Let's face it — when you're budgeting for your new apartment, renter's insurance most likely isn't even on the radar. When most of us hear the word "insurance", we cringe at what we assume is going to cost us a good chunk of change. Often, renter's insurance is given little to no regard, seen as simply an extra expense. So what IS renter's insurance? Here's a quick and easy guide to get you started:
Renter's insurance protects all of the property within your apartment, and can also protect valuables outside of your unit. For instance, if your bike is stolen, you are able to get the replacement cost covered under some policies. Renter's insurance usually covers theft, fire or water damage. Some things to consider when getting a quote:
In short: not as much as it would cost you to buy new stuff. According to the National Association of Insurance Commissioners, the average policy costs around $169 yearly — much cheaper than car insurance, and not much more expensive than a Netflix subscription!
Take a look at your living situation. Consider how safe an area you live in, and the weather conditions in that area. If you feel that your personal possessions are in danger of being stolen, or incurring water damage or breakage from frequent earthquakes, than you may want to think about getting a policy.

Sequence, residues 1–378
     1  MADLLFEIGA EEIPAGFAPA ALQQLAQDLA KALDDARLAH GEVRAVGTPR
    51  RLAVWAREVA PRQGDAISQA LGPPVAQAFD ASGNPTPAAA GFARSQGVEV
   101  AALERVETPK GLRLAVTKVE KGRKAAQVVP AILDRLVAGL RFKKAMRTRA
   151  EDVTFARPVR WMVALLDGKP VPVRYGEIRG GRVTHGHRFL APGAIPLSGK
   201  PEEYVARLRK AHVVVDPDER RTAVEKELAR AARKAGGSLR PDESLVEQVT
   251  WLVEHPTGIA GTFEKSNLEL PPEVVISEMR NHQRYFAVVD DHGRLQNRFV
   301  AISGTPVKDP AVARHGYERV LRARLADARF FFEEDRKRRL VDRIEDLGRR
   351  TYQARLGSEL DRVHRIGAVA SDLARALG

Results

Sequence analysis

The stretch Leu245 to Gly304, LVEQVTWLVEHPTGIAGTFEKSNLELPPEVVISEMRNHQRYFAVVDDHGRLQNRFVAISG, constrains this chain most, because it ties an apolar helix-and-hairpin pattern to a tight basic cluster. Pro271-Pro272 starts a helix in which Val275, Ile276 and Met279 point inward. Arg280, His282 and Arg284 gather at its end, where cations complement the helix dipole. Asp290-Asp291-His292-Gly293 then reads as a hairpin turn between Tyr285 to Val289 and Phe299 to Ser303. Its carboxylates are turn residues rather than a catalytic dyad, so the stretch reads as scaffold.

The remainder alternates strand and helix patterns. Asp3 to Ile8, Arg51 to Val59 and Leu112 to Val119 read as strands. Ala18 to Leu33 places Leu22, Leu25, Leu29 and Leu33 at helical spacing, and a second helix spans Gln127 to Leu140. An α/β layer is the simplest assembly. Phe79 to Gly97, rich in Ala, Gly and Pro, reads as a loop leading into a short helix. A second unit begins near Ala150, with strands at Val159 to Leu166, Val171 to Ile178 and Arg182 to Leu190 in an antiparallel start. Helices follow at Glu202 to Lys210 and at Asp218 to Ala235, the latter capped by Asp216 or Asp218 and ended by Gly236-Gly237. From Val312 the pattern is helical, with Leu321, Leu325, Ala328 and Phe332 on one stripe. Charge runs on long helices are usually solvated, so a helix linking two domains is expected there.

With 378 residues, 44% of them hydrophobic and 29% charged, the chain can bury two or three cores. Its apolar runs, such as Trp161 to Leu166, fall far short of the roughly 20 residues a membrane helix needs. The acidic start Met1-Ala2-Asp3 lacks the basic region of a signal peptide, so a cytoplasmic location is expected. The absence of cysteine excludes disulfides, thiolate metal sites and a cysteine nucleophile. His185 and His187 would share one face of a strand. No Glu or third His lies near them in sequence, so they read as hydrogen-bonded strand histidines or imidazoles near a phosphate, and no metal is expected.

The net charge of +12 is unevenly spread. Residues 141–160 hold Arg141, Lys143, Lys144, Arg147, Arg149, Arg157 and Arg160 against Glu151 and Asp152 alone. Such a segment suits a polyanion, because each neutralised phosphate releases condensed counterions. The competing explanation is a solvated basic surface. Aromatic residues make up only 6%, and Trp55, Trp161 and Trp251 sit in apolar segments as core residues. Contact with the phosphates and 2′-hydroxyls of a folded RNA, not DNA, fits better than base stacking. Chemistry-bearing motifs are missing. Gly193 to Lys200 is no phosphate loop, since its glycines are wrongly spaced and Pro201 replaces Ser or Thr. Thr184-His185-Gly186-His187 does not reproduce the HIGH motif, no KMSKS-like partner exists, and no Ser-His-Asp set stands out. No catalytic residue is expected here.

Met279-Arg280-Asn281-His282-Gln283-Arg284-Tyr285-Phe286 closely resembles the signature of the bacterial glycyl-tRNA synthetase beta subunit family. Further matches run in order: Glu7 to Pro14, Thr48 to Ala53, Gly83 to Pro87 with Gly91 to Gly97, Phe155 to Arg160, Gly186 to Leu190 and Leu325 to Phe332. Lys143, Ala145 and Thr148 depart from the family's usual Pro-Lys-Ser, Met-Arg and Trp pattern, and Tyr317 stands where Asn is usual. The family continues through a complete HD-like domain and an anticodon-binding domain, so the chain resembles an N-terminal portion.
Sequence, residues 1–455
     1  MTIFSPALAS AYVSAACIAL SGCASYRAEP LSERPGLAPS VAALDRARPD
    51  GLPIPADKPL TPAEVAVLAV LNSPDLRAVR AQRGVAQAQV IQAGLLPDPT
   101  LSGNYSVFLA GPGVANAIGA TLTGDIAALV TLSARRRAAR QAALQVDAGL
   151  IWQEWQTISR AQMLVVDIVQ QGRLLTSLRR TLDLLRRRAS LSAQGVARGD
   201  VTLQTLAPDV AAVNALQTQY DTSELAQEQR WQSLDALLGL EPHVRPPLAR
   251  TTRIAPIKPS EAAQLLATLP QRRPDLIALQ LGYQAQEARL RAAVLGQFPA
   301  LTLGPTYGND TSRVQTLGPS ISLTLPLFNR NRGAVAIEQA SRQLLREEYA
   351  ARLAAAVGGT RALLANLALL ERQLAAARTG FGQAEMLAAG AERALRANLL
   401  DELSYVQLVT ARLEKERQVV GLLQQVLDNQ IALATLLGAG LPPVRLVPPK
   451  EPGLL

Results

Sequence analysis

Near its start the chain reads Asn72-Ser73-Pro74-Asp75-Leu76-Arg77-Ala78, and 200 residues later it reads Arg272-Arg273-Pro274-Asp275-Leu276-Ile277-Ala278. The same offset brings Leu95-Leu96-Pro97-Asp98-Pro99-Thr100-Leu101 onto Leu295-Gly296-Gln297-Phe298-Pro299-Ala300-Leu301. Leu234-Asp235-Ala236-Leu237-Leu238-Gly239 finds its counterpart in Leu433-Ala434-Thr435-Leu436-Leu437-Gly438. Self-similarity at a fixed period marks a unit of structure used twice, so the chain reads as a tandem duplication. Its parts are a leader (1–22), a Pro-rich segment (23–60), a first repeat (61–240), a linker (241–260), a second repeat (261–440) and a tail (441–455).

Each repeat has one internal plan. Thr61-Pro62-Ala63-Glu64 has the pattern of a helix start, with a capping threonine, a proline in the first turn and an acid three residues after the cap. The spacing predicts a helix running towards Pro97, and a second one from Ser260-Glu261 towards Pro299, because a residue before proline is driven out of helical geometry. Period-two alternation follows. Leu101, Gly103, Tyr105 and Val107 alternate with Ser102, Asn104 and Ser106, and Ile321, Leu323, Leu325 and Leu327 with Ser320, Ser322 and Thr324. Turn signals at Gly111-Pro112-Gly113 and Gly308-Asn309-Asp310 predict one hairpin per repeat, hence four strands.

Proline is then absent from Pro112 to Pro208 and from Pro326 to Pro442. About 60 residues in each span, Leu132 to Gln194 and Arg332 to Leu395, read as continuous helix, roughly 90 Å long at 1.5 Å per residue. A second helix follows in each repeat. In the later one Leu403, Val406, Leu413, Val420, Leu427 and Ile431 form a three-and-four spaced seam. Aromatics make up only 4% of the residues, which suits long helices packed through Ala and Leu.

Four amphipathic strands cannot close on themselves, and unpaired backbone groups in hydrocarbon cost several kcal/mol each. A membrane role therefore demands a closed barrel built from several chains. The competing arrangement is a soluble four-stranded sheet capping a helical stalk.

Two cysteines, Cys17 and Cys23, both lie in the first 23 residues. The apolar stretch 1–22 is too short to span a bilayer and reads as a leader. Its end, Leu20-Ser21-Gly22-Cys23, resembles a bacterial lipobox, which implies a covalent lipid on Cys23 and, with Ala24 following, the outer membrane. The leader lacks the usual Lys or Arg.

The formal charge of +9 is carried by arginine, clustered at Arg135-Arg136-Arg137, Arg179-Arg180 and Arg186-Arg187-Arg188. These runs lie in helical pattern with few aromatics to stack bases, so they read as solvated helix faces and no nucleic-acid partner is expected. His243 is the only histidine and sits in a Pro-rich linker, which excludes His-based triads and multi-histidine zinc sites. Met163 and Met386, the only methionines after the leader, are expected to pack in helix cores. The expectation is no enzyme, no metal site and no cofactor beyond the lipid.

Make a list of your valuable items, and how much they are worth to you. It is important to know what items you would want covered, and whether they can be protected under a renter's insurance policy. If you decide that you want these items protected, make sure they are all covered under your plan.
On a final note, it's important to know why you're purchasing renters insurance and what items it protects. This way you'll know whether it's worth it to spend time and money to sign up for it in the first place. Monthly costs can be reduced by paying higher deductible or taking greater measures to protect your stuff (i.e. dead bolts, fire extinguishers, etc.). If you've got some extra green and the quote from your local agent seems reasonable, then pull the trigger and get yourself a policy. If something doesn't add up, don't be afraid to get another quote and see what your best option is. It's your stuff. If you don't want to replace it, protect it.